Door slams shut on Mumbai
- Malaysia Airlines plane may have turned back before vanshing, says Air force chief
- BJP complains to EC against Rahul over RSS remarks, seeks derecognition of Congress
- Subrata Roy arrest row: The not-so-beautiful story
- Vajpayee wanted Modi to quit over Gujarat riots, but party said no: Venkaiah Naidu
- Internal battle in BJP out in open: M M Joshi seeks clarity on Varanasi seat
Lack of ideas to create goal-scoring opportunities is something that you least associate with a team coached by Ric Charlesworth. With his tactical acumen, Charlesworth has made Australia into one of the most feared attacking units in the world. Unfortunately, he couldn't replicate same success with the Mumbai Magicians in the Hockey India League. Each time the team ventured forward, they were like a rabbit caught in the headlights.
Their inability to score a field goal cost them dear once again as they were knocked out of the tournament after losing 0-1 to Uttar Pradesh Wizards (Luke Doerner 33rd minute) at the Mahindra Stadium here on Tuesday. Considering that this was a must-win match for them, one would have expected Mumbai to turn the screws on fellow-strugglers Uttar Pradesh, but it was not to be.
The hosts began on a positive note, conjuring an attack from the pass back that earned them a penalty corner. Sandeep Singh, who was dropped from the national team yet again by India coach Michael Nobbs, would have loved to make a point here. But his feeble attempt did not trouble the goalkeeper. That was the only piece of attacking play that troubled the Wizards.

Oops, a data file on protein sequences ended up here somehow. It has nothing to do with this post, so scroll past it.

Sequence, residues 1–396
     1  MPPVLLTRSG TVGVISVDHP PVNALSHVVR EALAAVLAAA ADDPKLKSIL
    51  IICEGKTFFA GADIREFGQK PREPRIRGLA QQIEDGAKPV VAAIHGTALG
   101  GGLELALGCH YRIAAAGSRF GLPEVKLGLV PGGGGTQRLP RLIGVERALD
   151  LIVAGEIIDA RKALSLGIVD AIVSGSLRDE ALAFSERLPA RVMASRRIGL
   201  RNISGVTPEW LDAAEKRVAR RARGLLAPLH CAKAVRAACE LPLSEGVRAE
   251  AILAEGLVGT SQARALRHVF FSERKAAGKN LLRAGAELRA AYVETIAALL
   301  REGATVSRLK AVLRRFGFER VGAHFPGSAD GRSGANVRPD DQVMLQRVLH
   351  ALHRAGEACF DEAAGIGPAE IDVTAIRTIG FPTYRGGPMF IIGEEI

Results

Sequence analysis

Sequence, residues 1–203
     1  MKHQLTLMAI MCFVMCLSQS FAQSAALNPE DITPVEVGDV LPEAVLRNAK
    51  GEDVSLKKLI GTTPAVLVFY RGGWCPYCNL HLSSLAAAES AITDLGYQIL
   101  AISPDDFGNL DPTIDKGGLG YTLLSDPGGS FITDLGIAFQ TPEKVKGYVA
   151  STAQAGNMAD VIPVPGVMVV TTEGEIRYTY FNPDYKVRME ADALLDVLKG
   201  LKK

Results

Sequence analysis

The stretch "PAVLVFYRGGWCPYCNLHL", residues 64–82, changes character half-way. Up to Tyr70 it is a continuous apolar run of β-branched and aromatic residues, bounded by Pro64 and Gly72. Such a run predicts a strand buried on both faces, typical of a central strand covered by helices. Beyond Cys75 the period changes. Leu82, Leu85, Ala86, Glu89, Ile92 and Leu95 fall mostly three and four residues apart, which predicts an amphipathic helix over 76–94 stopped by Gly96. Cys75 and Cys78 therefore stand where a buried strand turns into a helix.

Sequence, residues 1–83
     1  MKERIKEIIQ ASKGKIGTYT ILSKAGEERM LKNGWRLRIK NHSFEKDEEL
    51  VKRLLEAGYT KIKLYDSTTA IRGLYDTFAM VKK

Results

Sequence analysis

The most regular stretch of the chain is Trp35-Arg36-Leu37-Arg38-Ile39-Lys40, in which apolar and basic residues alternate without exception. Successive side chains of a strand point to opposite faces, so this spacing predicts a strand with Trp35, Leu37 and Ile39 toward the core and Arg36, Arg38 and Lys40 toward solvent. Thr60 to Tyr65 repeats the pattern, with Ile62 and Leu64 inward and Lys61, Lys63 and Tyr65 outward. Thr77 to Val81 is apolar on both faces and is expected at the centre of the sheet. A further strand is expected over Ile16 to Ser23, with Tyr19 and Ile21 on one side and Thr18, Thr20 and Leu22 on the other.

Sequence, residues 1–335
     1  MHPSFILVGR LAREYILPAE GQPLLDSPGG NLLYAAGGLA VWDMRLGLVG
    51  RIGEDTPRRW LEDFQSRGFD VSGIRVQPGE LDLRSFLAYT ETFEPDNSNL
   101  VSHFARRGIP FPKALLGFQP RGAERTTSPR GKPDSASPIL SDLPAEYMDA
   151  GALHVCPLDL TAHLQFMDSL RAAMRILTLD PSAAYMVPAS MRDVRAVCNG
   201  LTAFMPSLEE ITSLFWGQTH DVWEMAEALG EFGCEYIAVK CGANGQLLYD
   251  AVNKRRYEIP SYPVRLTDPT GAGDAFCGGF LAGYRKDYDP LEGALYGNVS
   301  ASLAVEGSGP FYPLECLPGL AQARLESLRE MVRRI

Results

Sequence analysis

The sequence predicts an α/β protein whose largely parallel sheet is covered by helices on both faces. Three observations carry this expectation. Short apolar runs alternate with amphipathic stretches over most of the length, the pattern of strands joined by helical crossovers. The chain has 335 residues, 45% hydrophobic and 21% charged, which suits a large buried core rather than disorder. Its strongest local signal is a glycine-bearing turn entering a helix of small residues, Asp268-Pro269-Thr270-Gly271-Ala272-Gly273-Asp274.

Mumbai hardly managed to put their opponents in danger for the remaining 69 minutes. They controlled the possession through the course of the match but were clueless in the attacking third on most occasions. Uttar Pradesh, on the other hand, were swift on counters and could have scored two or three goals more had they converted the opportunities, including a penalty stoke which Jeroen Hertzberger missed, that came their way.
That's been Mumbai's story throughout the tournament. In their 11 matches so far, they have scored 20 goals and 16 of them have been from penalty corners. They were the worst-affected team when the Pakistani players were sent back, no doubt. The four players from the neighbouring country formed the crux of their midfield. But those players were replaced with three Australians and a New Zealander. Thus, Charlesworth had seven Australian players in his squad to work with, making coordination that much easier. In Glenn Turner, they have one of the best strikers in the world. However, he did not manage to score even one goal. Faisal Sari, the young Malaysian, impressed with his pace and determination but could not score goals when it mattered. In the end, deficiency in this area cost them dear.